Experiment with mixing materials from the landscape to build texture into your painting.
If you want to try mixing artist quality oil paints with different materials, use very small amounts of paint on small areas to start with as the paint is too valuable to waste if you don’t like the effect.
Acrylic paints can be mixed with almost any materials to good effect. Collect together a selection of textural materials that could include the following: sand, earth, rice, crushed peppercorns, flour, salt and broken eggshells. Mix a bit of each of the materials into a midtoned paint colour and apply it to a prepared support. You could try out your textured paints on one large sheet of paper or card or on several small scraps of paper. When the paint has dried, look at the textured effects and add other colours either in patches or in a dilute wash across bigger areas of the painting. You could wait until this paint has dried or add highlights straight away.
This exercise suggests just some of the ways in which you could experiment with textures mixed in to paint. It may have given you ideas that you’d like to develop straight away or you could just make some notes on possible uses for these effects, which you can explore later.
The textures you’ve created in these exercises can be further enhanced by the introduction of gloss or matte effects. A high shine added by a glaze of diluted PVA or varnish can really bring out relief effects. The contrast between flat matte areas of a painting and highly glossed areas can make for stunning visual effects.
My work in progress on this exercise can be seen here
I applied the acrylic paint here in a fairly light wash with the intention of building other layers once this first application had dried out. However, once dry I decided that I liked the washed effect and the way that the three primaries mingled with one another. There is something almost topographical about this image in my eyes that is suggested by the applied materials, the colour shapes and also by the raised contours of the wetted paper – desert, mountain range, ocean and islands – a bit like the old maps of the world I used to see at school in geography class.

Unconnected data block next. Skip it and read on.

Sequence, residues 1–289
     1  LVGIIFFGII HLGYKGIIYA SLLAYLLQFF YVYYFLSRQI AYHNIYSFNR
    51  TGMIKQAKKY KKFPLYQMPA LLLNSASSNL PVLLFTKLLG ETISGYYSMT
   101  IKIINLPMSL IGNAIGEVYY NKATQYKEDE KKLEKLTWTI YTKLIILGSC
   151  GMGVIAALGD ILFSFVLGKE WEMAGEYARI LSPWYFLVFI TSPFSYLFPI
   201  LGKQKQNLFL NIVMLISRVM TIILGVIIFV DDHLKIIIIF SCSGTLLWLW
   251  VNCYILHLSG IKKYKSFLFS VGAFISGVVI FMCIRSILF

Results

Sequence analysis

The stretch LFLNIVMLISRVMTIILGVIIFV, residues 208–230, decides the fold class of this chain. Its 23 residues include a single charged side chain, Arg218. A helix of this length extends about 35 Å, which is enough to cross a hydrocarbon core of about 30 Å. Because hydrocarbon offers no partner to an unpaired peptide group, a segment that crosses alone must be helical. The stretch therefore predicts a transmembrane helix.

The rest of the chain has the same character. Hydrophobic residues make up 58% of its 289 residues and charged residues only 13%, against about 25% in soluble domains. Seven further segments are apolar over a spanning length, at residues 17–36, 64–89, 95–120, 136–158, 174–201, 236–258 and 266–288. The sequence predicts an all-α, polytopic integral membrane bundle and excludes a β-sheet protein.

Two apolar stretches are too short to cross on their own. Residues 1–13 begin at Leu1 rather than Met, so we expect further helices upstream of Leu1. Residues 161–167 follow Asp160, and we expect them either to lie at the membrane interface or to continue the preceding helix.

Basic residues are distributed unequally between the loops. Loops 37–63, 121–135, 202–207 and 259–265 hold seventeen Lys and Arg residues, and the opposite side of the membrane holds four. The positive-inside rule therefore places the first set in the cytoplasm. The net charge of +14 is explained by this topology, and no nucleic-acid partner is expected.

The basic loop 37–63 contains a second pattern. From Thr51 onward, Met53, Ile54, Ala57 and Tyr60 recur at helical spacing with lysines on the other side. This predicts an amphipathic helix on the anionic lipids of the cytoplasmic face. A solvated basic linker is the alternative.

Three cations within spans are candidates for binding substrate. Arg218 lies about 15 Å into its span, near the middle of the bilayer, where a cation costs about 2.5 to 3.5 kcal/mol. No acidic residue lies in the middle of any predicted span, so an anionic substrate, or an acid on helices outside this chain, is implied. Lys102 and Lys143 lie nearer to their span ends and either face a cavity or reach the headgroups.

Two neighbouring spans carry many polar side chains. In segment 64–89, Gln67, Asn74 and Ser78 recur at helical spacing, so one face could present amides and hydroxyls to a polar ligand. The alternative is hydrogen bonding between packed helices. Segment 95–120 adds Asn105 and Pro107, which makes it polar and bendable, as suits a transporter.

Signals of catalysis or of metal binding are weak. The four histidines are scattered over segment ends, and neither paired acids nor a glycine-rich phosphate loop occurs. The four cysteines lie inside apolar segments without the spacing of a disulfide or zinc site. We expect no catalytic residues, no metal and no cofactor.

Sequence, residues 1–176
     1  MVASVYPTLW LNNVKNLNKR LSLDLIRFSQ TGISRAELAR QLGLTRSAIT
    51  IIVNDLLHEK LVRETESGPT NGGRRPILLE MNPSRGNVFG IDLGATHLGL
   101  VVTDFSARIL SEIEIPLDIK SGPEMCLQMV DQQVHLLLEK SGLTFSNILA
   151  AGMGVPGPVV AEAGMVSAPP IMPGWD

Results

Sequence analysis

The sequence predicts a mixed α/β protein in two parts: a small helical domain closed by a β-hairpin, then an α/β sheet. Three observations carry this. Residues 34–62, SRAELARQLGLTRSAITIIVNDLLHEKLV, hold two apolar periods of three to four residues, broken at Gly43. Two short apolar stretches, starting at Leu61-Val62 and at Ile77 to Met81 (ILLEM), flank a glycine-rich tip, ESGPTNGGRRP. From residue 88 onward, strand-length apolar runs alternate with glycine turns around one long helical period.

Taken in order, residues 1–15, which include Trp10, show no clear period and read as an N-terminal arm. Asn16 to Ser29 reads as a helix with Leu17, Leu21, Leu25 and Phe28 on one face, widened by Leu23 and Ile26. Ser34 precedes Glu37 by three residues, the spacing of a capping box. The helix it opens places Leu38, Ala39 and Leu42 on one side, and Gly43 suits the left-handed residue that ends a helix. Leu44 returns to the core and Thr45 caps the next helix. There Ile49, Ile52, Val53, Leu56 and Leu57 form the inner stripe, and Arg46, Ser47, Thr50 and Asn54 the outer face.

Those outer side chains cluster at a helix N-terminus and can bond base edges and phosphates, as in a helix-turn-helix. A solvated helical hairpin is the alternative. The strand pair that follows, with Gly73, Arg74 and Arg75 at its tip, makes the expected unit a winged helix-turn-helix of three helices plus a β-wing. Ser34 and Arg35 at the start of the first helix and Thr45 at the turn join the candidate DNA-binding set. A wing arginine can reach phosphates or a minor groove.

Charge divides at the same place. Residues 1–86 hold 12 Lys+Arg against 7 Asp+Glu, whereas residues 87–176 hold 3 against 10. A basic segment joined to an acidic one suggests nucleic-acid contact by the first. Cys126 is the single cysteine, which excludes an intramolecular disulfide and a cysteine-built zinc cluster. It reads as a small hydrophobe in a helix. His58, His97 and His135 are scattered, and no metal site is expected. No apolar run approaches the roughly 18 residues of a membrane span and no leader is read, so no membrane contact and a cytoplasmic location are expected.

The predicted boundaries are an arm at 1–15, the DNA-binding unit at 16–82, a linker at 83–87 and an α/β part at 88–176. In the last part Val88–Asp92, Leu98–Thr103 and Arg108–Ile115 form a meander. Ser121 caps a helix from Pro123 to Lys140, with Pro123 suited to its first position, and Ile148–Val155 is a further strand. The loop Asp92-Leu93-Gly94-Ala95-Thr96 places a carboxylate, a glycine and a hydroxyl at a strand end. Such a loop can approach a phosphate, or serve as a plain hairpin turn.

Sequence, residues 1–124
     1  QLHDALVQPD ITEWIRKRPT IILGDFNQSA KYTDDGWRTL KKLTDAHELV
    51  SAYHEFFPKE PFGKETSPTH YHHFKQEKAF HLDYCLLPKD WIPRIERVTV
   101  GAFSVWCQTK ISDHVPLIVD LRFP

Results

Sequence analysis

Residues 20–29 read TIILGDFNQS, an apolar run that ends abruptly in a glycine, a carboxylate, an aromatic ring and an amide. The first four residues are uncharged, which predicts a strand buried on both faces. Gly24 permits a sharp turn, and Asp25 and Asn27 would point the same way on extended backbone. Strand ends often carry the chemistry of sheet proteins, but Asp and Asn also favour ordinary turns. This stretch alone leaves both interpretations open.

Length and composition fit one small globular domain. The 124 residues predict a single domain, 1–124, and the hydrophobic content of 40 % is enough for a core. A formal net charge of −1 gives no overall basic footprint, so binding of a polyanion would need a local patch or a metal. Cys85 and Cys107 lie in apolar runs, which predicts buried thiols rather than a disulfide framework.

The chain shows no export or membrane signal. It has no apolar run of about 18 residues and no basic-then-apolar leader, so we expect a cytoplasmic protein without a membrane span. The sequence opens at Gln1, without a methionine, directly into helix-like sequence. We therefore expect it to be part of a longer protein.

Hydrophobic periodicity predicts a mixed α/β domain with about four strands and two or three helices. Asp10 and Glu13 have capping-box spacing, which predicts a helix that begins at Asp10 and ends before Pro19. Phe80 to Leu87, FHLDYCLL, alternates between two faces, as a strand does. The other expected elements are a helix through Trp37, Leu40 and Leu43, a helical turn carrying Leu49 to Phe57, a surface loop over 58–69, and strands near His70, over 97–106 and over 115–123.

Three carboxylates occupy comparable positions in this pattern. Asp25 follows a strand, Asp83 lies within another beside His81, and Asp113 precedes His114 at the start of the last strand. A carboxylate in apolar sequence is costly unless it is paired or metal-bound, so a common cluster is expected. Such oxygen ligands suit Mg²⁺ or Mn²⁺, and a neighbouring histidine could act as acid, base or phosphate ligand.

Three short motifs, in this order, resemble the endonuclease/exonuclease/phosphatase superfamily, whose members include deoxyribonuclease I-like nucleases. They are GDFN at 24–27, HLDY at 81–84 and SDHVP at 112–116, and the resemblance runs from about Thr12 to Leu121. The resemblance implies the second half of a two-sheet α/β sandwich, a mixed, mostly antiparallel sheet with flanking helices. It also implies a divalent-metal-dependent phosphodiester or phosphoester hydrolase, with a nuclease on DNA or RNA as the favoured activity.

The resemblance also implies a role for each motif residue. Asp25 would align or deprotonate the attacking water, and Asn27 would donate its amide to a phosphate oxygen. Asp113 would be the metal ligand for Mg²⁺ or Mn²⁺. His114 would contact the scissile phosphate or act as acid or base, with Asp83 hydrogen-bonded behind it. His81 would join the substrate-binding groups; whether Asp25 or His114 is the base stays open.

I wasn’t quite sure what to make of the starting point for this and so chose to create three bands of acrylic colour mixed with gloss impasto gel – representing sky, lighter green to horizon and darker blue/green to foreground mixed from primaries. I also made use of some sprinklings of flour into these applications – in the sky as clouds; in the foreground as bright spots. It took me quite a while to identify some of the bigger bits of material that I had mixed into the paint and imagine their possibilities. I focused on pieces of bark and lines of spaghetti, which I picked out in colours straight from the tube – left to right: winsor violet; primary yellow; crimson; yellow ochre and cadmium orange; along with the wee burnt sienna ‘slug’ creeping patiently along the foreground.
Continuing with the thicker application of acrylic paint and gloss impasto gel on top of the prepared ‘materials mixed into paints’ ground on paper, this study took on a few guises before I settled on this abstraction. It originally appeared to me through the application of colours as a busker with red guitar (in portrait format and probably not really apparent now) and emerged as – growth from burn out, rising from a dark place – somewhere I have been. Ok, so this is personal, but for me it is where I am now as opposed to where I have been – a better place (still with challenges), and which is a good thing for me and those I love. Heart on sleeve time!
It started out as a mess of paint on paper, but gosh, and honestly without any real conscious thought – there’s a golf club in there, a (my?) hand, a dropped fag (spot it if you can), some ‘yellow’ happy shots and a lot more ‘red’ hooks and splices (read a golf manual). Basically, this image could be anything or nothing, but this is what it means to me – and I enjoyed making it. [ps – I gave up cigarettes over 14 years ago]
I have experimented here and to be honest I loved every bit of this exercise – preparation, use of material, paint washes, thick application straight from tube, use of impasto gel, marking surfaces to move the paint around.
I think that the future use of some of the effects applied in this exercise depends on subject, intended or imagined impact, and eventually seeing what emerges as a result of the process.
Stuart Brownlee – 512319
18th November, 2014